03/22/2007 11:00PM

An Internet gambling monopoly - sort of


NEW YORK - The recent decision by the Eighth Circuit of the U.S. Court of Appeals to overturn the 2005 convictions of Susan Bala and Racing Services Inc. shed some interesting light on both prosecutorial overreaching and the status of account wagering in American racing.

Bala and the high-flying North Dakota rebate shop she founded were convicted of conducting an illegal gambling business, transmission of wagering information, and eight counts of money laundering. The focus of the case was a seven-month period in 2002 and 2003 during which RSI acknowledged it failed to pay the proper state and charitable taxes on $99 million of handle that was flowing through the Fargo-based operation.

Rather than simply resolve the tax and payment issues, state prosecutors went to federal authorities, who took the matter to another level. Even though RSI had been specifically licensed by statute to be the state's lone simulcasting processor, prosecutors convinced a jury that Bala had been running "the largest illegal-gambling operation in North Dakota history."

By the time Bala was sentenced to 27 months in federal prison, she was broke and RSI was in bankruptcy. Nevertheless, RSI was ordered to "forfeit" $99 million, as if it had retained the entire underreported handle amount, and Bala was personally ordered to forfeit $19 million.

The appeals court overturned the convictions and forfeitures, and Bala was released from prison March 8 after serving 18 months. The court's primary argument was that the failure to pay proper taxes on a legal gambling operation did not make the enterprise illegal.

"The evidence at trial established that the North Dakota Racing Commission knew charities must receive the 'net proceeds' of the account wagering that RSI, and only RSI, was authorized to conduct," the court wrote, "Yet the Commission neither drafted regulations prescribing how this complex task should be accomplished nor adequately monitored RSI's compliance. Issues predictably arose.

"Rather than pursue possible violations in state court, the Commission brought the complicated situation to federal authorities, who then commenced a federal prosecution based upon flawed interpretations of state law. The result was a trial at which the government failed to prove any of the offenses charged."

Just before reaching that conclusion, the court could not resist a digression: "There is an aspect of this issue unnoticed by the parties that could have serious implications for the future of interstate account wagering. The prohibition in [the Wire Act] encompasses bets and wagers as well as information assisting bets and wagers, whereas the exception in [it] is limited to information assisting bets and wagers. Thus, the plain language suggests that Congress intended to prohibit all interstate wagering by wire, whether or not legal in the States between which the bets are transmitted. . . . North Dakota passed the 2001 account wagering statute in an attempt to attract interstate electronic betting. If the reach of [the Act] is as broad as its legislative history suggests, the attempt if successful will violate federal law. We leave that issue to another day."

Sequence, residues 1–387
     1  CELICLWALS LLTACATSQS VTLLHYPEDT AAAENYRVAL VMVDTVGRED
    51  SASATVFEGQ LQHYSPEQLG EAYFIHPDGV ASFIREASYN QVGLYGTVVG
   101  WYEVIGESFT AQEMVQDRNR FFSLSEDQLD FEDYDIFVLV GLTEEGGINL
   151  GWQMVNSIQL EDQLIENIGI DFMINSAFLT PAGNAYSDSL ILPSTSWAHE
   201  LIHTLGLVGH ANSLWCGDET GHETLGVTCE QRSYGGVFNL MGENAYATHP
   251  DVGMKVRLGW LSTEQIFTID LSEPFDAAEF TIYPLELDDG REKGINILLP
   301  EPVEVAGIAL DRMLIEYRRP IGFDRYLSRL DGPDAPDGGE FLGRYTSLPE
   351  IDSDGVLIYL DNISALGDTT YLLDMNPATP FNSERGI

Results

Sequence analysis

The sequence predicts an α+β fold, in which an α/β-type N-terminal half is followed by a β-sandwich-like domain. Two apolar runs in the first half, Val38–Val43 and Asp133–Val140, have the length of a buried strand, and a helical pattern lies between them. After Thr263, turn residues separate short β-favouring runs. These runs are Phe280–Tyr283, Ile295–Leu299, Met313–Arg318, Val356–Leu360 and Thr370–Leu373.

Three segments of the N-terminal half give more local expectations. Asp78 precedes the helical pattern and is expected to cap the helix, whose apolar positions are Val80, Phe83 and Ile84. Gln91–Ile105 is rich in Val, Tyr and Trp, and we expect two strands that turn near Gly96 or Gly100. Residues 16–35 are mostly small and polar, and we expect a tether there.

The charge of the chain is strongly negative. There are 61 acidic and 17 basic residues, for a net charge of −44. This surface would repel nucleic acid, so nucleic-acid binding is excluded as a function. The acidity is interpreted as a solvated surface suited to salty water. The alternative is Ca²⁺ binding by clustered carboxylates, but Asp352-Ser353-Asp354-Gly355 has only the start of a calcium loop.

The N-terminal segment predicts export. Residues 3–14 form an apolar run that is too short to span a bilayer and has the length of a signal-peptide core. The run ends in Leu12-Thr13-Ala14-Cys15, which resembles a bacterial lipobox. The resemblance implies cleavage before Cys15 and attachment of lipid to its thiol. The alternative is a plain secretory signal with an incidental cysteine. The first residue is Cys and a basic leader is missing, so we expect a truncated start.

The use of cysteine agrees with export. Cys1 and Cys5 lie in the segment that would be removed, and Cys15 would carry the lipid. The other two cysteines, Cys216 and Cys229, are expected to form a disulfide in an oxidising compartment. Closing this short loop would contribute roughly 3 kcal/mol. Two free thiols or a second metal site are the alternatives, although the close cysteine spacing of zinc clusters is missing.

Unfortunately, this thinking is shared by the Justice Department, which has repeatedly gone out of its way in congressional hearings and other forums to note its ongoing legal opinion that existing electronic interstate betting may not be entirely kosher, despite the so-called "exemption" carved out for racing in last year's legislation prohibiting other forms of Internet betting.

While there is no indication that the government has any plan or inclination to go after the widely accepted simulcasting that is the lifeblood of American racing today, its position is one of the things stopping racing from exploiting what should be a tremendous selling point: the only way to gamble legally over the Internet. Track executives say privately that they don't want to wake any sleeping dogs by appearing to gloat over this exceptional status. Meanwhile, there are literally millions of former online poker players who have been disenfranchised by last year's prohibitions, and racing is making no effort to woo this action-starved constituency.

The racing industry needs and deserves clarity on this issue. Even if the North Dakota court is right that the Congress once meant to prohibit all interstate betting, that clearly is not the case today. Moreover, anti-gambling sentiment appears to be on the wane, and polls have shown that last year's Internet-betting prohibitions were highly unpopular with voters.

Even some former hardliners seem to be changing their tune. In 2003, Sen. John McCain (R-Ariz.) introduced federal legislation to ban all wagering on Olympic, college or high-school athletics, even in Nevada. "Betting on amateur athletics is wrong," he said.

Four years later, McCain's presidential-candidacy website features a "McCain Basketball Bracket" on the NCAA men's tournament, inviting readers to "Get started today and fill out your bracket to be eligible to win a McCain 2008 fleece, hat, or pin for your prognostication prowess."